As Diana Vreeland famously put it, "the eye has to travel." These days, the fashion eye is focused squarely on the sleeve: Statement sleeves have emerged as a durable trend, showing up on runways for Fall/Winter 2016. It was a theme Mr. Valentino returned to many times over the course of his career; to cite but one example, his much-photographed look from Haute Couture Spring/Summer 1972 featuring a floor-length, gingham-checked taffeta skirt and Victorian-inspired blouse with lacy pouf sleeves, would look entirely on-target now. Ditto his orchid-print gown from Haute Couture Spring/Summer 1988, with its organdie skirt and high-neck chiffon blouse complemented by dramatic, soft pouf sleeves.
Mr. Valentino wasn't only a fan of the pouf. His oeuvre includes high-impact bell sleeves, like those in the "Delphos" style evening pajamas from Haute Couture Spring/Summer 1969, and the black A-line coat with ethnic-inspired thread embroidery from Haute Couture Fall/Winter 2006-07. The archives also boast pretty butterfly wing-sleeves, like those on the mimosa-print organdie gown from Haute Couture Spring/Summer 1971 (another very au courant look) and sleeves with fantastically embellished cuffs, like his camo-print silk blouse with mirrored cufflinks from Haute Couture Fall/Winter 1994-95 (worn by Claudia Schiffer in the show and modeled by Nadja Auermann in the Arthur Elgort-lensed campaign), or the dalmation-spotted evening coat from Haute Couture Fall/Winter 1965/1966, the arms of which explode in a fireworks display of black-and-white ostrich feather.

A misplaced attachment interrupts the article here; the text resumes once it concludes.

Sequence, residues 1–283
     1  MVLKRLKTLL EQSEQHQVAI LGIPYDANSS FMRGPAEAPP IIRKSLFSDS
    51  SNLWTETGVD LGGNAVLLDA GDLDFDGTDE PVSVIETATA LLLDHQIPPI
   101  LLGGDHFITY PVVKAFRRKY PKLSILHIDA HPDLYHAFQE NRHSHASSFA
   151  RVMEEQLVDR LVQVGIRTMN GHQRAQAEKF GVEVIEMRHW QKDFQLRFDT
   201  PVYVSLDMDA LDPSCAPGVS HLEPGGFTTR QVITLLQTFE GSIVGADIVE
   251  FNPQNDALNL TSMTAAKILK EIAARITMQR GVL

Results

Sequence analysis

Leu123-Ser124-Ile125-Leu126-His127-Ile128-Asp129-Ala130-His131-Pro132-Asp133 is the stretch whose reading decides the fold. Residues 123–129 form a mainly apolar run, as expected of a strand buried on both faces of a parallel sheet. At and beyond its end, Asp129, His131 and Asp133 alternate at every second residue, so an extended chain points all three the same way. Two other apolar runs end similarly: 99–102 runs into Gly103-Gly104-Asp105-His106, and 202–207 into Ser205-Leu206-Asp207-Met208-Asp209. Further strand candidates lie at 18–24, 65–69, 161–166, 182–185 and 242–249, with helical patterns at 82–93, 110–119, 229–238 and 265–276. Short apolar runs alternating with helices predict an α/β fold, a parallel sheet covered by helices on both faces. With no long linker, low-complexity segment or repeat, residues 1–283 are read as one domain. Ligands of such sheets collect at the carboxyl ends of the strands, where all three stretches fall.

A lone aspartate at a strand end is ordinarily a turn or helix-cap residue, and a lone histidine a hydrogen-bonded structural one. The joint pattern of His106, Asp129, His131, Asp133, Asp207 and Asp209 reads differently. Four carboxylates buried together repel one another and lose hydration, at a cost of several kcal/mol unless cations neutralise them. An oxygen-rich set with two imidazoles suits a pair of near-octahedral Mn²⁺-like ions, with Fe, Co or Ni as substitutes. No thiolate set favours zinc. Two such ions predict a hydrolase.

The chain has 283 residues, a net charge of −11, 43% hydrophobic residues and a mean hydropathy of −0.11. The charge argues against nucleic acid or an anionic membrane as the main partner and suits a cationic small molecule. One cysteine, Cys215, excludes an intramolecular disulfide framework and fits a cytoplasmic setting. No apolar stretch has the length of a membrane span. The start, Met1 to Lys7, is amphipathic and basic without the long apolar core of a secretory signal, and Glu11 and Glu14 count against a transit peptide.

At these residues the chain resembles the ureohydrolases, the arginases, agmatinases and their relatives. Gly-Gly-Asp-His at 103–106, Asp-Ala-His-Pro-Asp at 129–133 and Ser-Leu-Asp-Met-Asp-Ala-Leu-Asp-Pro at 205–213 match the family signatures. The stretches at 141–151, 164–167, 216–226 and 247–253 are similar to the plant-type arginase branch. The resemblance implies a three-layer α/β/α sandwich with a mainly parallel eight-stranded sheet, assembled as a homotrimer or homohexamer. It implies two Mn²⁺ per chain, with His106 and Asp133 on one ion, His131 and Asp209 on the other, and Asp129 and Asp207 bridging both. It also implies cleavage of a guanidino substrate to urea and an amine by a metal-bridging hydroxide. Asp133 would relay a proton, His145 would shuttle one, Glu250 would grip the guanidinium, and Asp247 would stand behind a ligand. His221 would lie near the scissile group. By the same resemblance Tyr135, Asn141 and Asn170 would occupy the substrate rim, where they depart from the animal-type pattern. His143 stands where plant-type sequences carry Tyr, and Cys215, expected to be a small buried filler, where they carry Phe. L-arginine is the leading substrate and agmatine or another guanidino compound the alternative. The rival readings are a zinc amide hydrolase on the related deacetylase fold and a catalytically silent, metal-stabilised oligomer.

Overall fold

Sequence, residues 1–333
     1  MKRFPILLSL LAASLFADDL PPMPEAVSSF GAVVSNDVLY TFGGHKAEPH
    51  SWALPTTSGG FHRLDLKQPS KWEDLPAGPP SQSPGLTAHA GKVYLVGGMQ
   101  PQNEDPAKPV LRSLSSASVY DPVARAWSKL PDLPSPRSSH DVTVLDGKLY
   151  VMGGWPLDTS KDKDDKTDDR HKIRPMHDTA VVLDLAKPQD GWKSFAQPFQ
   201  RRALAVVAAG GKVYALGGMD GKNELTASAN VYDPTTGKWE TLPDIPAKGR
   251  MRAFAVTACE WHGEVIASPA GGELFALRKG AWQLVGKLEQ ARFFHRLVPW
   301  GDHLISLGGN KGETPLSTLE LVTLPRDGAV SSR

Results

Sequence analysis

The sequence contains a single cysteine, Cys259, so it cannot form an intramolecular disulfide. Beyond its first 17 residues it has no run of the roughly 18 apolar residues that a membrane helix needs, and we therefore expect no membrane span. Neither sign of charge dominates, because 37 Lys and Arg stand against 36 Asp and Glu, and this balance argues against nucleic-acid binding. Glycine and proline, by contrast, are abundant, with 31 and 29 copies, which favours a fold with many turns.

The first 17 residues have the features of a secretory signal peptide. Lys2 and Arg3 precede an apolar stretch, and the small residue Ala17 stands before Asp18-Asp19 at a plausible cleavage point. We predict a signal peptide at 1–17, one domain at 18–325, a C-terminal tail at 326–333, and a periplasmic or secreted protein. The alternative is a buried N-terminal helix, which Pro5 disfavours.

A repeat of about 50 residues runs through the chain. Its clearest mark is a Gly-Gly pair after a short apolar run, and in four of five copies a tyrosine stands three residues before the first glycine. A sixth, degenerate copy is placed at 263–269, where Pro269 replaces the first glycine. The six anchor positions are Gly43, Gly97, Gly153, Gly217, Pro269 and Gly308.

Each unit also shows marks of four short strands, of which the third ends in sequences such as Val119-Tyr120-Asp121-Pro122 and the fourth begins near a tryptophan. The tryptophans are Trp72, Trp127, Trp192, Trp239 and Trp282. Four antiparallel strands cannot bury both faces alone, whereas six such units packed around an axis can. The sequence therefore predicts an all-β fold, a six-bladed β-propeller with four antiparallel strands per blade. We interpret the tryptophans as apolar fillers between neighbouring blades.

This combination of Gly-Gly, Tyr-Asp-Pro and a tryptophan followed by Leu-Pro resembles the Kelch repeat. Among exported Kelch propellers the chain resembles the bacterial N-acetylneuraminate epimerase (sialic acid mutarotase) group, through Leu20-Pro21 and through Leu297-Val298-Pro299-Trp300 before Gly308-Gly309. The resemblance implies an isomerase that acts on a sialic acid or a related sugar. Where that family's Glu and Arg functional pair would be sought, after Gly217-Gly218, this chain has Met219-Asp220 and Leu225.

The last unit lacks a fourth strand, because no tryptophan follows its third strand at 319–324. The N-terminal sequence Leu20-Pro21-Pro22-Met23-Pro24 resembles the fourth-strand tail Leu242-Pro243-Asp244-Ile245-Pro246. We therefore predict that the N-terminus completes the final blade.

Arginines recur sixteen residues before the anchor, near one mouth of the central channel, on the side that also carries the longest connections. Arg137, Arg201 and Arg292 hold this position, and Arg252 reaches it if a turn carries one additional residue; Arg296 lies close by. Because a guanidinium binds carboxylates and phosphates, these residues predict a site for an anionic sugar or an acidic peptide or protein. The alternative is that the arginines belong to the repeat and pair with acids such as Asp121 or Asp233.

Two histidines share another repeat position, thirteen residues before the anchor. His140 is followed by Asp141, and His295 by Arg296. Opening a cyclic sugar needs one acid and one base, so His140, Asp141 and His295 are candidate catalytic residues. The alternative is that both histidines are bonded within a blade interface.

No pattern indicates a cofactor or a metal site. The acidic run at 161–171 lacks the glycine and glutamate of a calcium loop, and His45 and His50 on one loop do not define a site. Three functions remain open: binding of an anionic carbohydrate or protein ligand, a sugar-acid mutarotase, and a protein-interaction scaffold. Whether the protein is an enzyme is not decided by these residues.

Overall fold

The sculptural, balloon-shaped sleeve is the one currently conquering runways, and it inevitably carries historic connotations, ranging from the doublets worn by courtiers during the Renaissance, to the mutton-sleeves favored in the Victorian era. Mr. Valentino nodded to that history in one of his most stunning statement sleeve creations—a black gown from the Fall/Winter 1977-78 Ready-to-Wear collection called "Hommage à Winterhalter," after the German painter Franz Xaver Winterhalter, noted for his portraits of the notables at court in the mid-nineteenth century. Mr. Valentino's "homage" features magnificent tulle sleeves that seem to have been inflated with helium—and as these things go, they're not merely a statement, but a revelation.